Silba adipata McAlpine: young imago having emerged from a pupa inside an immature fig, and which did not survive.

Silba adipata McAlpine: young imago having emerged from a pupa inside an immature fig, and which did not survive.
(note that it is at a certain distance from the pupa).
Credit: Alain COSTA.

 

Silba adipata McAlpine: young imago having emerged from a pupa inside an immature fig, and which did not survive.

Silba adipata McAlpine: young imago having emerged from a pupa inside an immature fig, and which did not survive.
Credit: Alain COSTA.
 

I notice that the young imago failed to unfold its wings in the fig central cavity before dying, and that these are in the state in which they are at the exit of the pupa, or after a few minutes of life (see photograph below).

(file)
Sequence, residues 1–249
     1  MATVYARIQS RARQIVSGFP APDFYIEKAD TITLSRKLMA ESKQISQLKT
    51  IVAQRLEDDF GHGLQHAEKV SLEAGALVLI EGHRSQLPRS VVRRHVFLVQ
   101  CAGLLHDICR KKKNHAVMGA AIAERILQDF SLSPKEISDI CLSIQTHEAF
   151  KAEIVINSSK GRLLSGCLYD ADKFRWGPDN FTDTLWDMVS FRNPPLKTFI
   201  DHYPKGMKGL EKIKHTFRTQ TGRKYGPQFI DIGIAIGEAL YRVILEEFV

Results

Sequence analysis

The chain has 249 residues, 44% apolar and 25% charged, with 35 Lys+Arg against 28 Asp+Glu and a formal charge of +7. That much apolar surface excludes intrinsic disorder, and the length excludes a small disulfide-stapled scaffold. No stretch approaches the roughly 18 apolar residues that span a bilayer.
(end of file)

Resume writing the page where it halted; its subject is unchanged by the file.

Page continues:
Silba adipata McAlpine: non unfolded wing of a young imago (dead) having emerged from a pupa inside an immature fig.

Silba adipata McAlpine: non unfolded wing of a young imago (dead) having emerged from a pupa inside an immature fig.
Credit: Alain COSTA.
 

According to my timings of ex situ emergences, it takes 14 to 16 minutes after Silba adipata McAlpine exit from the pupa  for the wings to fully unfold, and be flat and taut. The state of the wings of the dead imago inside the fig central cavity indicates that it succumbed within the first five minutes of life.

In my opinion, the non-unfolding of the wings does not come from mechanical reasons (compression in the infructescence). With the space available in the central cavity of most attacked figs (for example, the one pictured above), the unfolding of the wings could take place much more extensively - if the lifespan allowed it.